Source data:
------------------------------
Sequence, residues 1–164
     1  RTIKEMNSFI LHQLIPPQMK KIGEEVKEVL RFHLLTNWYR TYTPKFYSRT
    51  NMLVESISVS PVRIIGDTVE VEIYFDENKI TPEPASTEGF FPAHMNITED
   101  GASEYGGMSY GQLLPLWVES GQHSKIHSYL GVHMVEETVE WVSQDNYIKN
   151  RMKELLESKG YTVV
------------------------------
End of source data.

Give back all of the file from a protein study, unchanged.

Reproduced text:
Sequence, residues 1–164
     1  RTIKEMNSFI LHQLIPPQMK KIGEEVKEVL RFHLLTNWYR TYTPKFYSRT
    51  NMLVESISVS PVRIIGDTVE VEIYFDENKI TPEPASTEGF FPAHMNITED
   101  GASEYGGMSY GQLLPLWVES GQHSKIHSYL GVHMVEETVE WVSQDNYIKN
   151  RMKELLESKG YTVV